I certainly didn’t mean any disrespect by my comments. I truly feel lucky to have these people in my life and am often surprised by the lengths they’ve gone to for me. These people stuck. And since that’s the experience I’ve had, that’s my point of reference.

12 Rebecca { 03.22.15 at 3:19 pm }

I guess I’m glad that I have a network of friends.

13 Cristy { 03.22.15 at 4:08 pm }

Completely agree with earthandink. I’ve both seen and experienced friendships going south follow life-changing news. Those rare few who have seen me through things are truly remarkable individuals, but the idea we truly had control over the outcome is complete nonsense.

Sorry Mrs. Agony. I think you’re in the same boat of those who achieve pregnancy easily.

14 Mina { 03.22.15 at 5:23 pm }

I’m quite fed up with how trite PT has become.
I’m nowhere on that test, I am an adult expatriate whose friends from youth are far away, and who is finding out the hard way how it is to make friends as an adult (clue: awkward, difficult, and sometimes pointless, because of life-changing events).

But I remember my online friend, whom I’ve never met, Mel, writing about the proper way to use the toilet paper, over or under. And I immediately thought of her when I saw this: http://www.sciencealert.com/124-year-old-patent-reveals-the-proper-way-to-use-toilet-paper

Friendship is sometimes in the details. 🙂

15 earthandink { 03.22.15 at 7:23 pm }

Mrs Agony, I totally did not take offense at your comment at all!

Instead, I am grateful that there are true and good people out there and that’s your experience. It’s what I hope for us all, truly. I’m never going to be offended by someone speaking their truth. Not ever.

16 fifi { 03.23.15 at 6:31 am }

I wonder why it’s important that these people are “outside of your family”. If you have 3 family members who would be willing to come to your aid immediately, and only 1 non-relative who would do so, would that count?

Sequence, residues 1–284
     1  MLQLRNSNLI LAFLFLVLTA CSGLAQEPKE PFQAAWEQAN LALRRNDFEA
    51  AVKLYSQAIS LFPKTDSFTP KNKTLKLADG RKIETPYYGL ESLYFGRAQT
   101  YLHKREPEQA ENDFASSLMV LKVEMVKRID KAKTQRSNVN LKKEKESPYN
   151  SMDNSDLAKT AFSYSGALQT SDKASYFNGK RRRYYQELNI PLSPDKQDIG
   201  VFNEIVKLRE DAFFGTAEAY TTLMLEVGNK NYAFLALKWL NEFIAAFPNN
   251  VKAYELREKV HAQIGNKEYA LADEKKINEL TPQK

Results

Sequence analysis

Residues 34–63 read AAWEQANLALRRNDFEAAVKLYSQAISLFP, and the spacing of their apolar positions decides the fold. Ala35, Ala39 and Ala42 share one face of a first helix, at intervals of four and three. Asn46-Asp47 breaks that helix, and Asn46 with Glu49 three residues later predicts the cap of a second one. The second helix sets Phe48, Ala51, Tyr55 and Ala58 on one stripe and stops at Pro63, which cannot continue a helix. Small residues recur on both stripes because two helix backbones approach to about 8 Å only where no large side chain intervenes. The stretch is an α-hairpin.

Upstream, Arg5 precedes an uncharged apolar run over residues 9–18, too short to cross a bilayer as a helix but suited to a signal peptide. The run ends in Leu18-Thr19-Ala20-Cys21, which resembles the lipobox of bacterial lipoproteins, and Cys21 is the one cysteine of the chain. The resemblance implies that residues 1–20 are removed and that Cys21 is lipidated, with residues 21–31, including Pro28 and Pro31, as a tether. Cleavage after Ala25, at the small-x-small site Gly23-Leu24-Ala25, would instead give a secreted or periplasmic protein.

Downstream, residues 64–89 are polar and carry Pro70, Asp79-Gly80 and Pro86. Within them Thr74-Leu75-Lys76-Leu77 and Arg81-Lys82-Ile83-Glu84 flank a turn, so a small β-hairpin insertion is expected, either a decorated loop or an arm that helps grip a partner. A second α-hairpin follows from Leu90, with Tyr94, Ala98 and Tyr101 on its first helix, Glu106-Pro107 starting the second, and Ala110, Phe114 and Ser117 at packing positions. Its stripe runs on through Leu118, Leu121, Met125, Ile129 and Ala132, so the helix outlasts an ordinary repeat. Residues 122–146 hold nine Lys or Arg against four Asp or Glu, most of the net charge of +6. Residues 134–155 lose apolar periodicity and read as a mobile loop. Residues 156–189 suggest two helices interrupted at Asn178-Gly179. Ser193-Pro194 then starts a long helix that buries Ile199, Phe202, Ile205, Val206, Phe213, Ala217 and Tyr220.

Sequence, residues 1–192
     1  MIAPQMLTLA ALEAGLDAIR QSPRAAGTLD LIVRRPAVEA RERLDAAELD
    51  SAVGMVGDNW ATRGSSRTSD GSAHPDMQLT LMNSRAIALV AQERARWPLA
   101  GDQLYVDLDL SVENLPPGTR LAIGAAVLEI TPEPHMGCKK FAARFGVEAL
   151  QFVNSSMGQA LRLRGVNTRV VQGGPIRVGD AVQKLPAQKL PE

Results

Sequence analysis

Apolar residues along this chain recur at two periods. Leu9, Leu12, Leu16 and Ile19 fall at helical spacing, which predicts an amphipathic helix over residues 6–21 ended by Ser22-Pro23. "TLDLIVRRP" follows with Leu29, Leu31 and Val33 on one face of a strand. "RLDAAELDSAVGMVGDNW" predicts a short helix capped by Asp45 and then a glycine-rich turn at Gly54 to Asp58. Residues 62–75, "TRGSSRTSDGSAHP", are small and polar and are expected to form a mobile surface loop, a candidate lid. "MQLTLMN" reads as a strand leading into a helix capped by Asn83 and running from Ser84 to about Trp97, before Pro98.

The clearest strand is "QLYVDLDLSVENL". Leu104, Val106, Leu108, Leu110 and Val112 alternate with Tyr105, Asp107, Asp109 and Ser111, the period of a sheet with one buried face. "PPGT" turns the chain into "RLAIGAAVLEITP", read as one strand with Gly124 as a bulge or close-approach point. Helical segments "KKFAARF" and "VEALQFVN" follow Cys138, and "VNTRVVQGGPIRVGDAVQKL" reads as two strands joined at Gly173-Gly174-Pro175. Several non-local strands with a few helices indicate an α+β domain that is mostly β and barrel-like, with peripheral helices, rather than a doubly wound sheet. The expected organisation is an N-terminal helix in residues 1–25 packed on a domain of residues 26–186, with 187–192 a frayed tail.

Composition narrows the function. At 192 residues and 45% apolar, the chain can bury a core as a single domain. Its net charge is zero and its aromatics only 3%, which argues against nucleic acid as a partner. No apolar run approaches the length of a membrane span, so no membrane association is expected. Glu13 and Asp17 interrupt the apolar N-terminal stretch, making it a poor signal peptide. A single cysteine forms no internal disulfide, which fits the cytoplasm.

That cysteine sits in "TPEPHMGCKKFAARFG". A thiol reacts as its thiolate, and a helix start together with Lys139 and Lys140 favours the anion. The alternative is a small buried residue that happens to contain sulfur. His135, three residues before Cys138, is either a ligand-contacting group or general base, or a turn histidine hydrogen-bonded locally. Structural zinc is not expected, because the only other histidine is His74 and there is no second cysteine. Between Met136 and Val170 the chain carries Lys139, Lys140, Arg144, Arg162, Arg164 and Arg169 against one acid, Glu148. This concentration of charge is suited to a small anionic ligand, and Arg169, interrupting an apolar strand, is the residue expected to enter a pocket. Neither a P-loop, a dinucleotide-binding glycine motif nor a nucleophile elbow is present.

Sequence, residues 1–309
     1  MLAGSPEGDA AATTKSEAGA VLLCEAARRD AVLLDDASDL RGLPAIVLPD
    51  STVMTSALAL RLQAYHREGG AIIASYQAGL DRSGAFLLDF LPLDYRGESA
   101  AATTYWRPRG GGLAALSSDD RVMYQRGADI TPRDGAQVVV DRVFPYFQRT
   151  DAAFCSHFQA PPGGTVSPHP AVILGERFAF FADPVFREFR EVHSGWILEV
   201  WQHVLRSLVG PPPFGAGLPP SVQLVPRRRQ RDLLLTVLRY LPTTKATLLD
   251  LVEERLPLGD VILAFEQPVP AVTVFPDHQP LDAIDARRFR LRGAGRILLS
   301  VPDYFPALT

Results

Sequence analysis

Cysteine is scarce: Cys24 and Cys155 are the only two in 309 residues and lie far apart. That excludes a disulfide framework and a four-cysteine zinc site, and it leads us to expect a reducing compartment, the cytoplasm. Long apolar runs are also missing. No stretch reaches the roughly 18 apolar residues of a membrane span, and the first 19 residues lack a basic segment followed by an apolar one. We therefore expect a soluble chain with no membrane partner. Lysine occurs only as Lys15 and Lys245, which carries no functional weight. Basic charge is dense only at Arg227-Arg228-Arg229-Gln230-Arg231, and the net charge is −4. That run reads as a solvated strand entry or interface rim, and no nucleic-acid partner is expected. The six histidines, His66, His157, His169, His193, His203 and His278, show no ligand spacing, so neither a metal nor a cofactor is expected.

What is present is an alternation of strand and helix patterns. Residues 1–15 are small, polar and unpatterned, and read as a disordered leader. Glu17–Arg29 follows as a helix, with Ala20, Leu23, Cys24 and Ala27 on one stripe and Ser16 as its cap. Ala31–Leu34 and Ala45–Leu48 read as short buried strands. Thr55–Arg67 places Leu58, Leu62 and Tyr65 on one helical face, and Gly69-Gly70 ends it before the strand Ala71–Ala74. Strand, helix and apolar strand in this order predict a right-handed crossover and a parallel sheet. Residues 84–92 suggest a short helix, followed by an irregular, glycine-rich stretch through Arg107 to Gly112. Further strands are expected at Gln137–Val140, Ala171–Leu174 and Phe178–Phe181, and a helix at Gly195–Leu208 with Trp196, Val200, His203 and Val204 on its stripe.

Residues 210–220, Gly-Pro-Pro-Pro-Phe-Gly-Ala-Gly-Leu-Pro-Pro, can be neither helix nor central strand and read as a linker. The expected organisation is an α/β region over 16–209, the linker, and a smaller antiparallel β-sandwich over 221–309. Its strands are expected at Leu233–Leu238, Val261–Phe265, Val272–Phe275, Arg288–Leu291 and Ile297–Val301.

I have a brother who I would count as one of my closest friends. I have another brother who I’m not so close to, so I know that this isn’t a given in sibling relationships, and we’re lucky to have this bond. Does he count towards the friendship total, or is he eliminated because we shared parents and a childhood?

17 Tiara { 03.23.15 at 7:10 am }

I grew up believing if I didn’t have friends, lots of friends, I was a failure. That was hard for me as an introvert & I ended up with some very bad, unhealthy friendships. I then came to a point in my life where I valued myself enough not to allow bad friendships to continue. When my dad died, my brother had friends show up en masse to support him. I felt completely alone except for my one true friend who showed up for me. It was then I realized the true value of quality over quantity. I am content that I have a few deep, quality relationships. The kind who would help me bury the body, no questions asked. I think that contributes to my life’s longevity than if I had more friendships. My point is, it is your contentment with your life’s situation that can contribute to your long life.

18 Katie { 03.23.15 at 8:39 am }

“Making friends just isn’t a skill that every child has. And that carries into adulthood.”

Yes. I struggle with making friends. I always have. As a result, I have very few “IRL” friends who I consider close. And I used to hate the fact that I wasn’t one of those people who had dozens of friends, but as I’ve gotten older, I’ve realized it doesn’t matter — because the friendships I have are true friendships. These are the people who I could call in the middle of the night if there was a crisis, because these are the people who’ve already been there through the good, the bad, and the ugly.

It bothers me the amount of pressure we put on people to create relationships with others when it’s something that should occur organically. Especially if you want that friendship to be authentic.

19 Lori Lavender Luz { 03.23.15 at 12:09 pm }

I like the point that you get better at making decisions about friends as we age. I do have at least these 4 people. I have chosen well — and count my lucky start at being chosen back by people I deeply love and respect.

This is really interesting to me as I observe my children navigate friendships. I do see that they sometimes feel like the mutual part is outside their control. I don’t have that sense for myself now, though. Much to think about.

20 Mrs. Agony { 03.23.15 at 9:51 pm }

Hey, Cristy – kind of an insensitive comment when you’re talking to someone who said she’d been battling infertility for four years. But whatever.

21 Justine { 03.24.15 at 9:45 pm }

Well, that conversation I had to have at work today was precisely because I don’t make friends easily. I’m weird. I’m prickly. But I also think I can name four. Partly because those people have named themselves. I am gifted to know some really amazing, generous people … people who made friends with ME despite myself.